Did Ellen White’s secretary write Steps to Christ?

It is true that there is not an original manuscript for Steps to Christ. There are two reasons for this:

  1. Mrs. White typically did not keep the working papers for the things she had written after they had appeared in print. This was a matter of practicality.
  2. Especially in the latter half of her life, she did not write out her book manuscripts as new compositions. Rather, she and her staff would plan an outline for a book, and the staff would locate things she had written previously, whether published or in her letters and manuscripts, which contributed to the thoughts they wished to develop. The staff assembled these, and if needed, Mrs. White would write additional material to fill in the gaps or improve the flow. When she was satisfied with the book, it went to press. In such circumstances, one would not expect to find a “manuscript” for the book.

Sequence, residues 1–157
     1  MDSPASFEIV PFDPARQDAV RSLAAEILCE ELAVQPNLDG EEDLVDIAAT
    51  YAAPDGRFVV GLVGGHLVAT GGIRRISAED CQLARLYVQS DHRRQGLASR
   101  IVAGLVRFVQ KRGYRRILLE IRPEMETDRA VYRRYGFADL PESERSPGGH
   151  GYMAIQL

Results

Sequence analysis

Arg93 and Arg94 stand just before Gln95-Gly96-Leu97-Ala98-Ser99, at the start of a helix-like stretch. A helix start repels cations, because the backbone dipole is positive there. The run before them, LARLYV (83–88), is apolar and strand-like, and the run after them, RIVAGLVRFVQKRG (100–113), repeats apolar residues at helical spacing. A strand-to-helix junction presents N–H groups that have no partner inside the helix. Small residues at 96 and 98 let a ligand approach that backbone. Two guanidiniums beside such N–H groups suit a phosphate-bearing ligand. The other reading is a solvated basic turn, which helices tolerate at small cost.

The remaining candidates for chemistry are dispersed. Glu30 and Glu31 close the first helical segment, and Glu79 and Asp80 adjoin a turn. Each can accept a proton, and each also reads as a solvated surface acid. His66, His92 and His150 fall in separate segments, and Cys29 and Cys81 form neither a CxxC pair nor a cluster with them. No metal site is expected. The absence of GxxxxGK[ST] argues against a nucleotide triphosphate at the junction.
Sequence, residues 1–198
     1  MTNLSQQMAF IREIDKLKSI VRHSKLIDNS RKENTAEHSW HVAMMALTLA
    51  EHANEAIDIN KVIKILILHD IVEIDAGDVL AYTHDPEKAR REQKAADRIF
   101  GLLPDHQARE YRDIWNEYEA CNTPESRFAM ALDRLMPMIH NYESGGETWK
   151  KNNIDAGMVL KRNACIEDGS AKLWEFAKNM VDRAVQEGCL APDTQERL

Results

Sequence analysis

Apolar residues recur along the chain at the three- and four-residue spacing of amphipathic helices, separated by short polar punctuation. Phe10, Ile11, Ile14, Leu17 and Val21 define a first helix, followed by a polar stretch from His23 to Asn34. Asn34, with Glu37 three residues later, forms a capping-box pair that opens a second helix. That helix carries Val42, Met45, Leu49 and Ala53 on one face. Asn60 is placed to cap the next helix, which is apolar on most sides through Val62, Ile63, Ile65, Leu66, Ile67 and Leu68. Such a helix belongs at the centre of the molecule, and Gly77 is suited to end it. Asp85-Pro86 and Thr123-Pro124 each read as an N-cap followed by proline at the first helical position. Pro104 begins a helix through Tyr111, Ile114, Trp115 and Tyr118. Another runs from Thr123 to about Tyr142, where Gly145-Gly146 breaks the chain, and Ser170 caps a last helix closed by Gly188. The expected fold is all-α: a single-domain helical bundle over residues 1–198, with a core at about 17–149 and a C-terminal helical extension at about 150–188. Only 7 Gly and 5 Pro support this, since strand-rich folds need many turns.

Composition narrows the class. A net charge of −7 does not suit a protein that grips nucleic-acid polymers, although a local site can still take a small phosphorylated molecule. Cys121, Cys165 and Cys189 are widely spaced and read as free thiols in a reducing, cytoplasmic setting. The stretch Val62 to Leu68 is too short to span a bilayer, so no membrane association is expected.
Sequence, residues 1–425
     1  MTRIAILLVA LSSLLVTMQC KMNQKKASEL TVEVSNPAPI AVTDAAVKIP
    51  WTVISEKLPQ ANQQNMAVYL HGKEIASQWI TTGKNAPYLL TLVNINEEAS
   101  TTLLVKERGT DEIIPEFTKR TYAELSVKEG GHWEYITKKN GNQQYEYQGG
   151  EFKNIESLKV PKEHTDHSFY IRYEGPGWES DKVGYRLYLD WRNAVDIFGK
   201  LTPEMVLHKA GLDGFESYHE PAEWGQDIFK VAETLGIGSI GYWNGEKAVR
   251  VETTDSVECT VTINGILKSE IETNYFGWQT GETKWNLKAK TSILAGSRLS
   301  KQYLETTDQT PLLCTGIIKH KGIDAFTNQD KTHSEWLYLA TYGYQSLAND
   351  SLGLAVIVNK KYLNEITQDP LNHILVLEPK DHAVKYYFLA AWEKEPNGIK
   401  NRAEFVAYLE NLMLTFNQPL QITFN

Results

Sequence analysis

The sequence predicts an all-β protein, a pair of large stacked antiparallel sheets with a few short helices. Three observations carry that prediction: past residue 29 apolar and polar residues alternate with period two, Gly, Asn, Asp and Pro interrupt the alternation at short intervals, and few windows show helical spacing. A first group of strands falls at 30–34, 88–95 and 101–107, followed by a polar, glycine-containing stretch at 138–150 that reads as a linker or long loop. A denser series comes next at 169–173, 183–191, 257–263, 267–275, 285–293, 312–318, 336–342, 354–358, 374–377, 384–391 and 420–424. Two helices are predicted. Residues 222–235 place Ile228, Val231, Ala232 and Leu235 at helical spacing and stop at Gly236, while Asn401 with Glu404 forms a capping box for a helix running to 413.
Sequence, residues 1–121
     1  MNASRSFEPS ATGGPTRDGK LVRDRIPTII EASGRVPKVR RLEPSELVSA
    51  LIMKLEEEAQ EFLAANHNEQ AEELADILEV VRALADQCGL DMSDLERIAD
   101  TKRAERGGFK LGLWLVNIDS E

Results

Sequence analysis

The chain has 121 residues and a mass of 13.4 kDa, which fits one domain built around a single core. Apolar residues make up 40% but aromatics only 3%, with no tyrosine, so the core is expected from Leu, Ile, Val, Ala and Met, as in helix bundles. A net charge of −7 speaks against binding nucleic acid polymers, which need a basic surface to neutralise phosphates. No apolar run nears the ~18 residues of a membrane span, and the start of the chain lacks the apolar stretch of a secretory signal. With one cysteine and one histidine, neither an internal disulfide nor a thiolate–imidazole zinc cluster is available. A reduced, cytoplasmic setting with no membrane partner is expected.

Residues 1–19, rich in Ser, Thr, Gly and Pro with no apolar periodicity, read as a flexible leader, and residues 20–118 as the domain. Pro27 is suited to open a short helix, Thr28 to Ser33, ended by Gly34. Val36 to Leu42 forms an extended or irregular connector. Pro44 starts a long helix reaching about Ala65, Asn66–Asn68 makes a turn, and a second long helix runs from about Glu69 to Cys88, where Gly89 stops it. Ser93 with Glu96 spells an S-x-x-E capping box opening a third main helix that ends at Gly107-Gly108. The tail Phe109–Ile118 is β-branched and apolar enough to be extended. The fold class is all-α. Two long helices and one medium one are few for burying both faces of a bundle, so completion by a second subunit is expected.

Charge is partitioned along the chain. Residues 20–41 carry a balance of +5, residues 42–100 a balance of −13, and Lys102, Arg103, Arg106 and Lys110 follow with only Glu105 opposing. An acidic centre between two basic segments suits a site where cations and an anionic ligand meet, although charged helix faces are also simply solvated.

Did Ellen White’s secretary write Steps to Christ? No. The method of composing the book that I have described above would lead us to expect to find portions of it in Mrs. White’s earlier writings. And, indeed, we do. In the 1930s, when the charge you read first surfaced, D. E. Robinson wrote a response in which he listed a number of parts of Steps to Christ that were drawn from articles by Mrs. White that had been published earlier. He also told more about the source of the charge and the secretary who the critic claimed was the author. You can access what he wrote in the Digital Resource Center on the Ellen G. White Web site. It’s the second half of a document titled “The Story of a Popular Book ‘Steps to Christ’ and The Authorship of ‘Steps to Christ.’ ”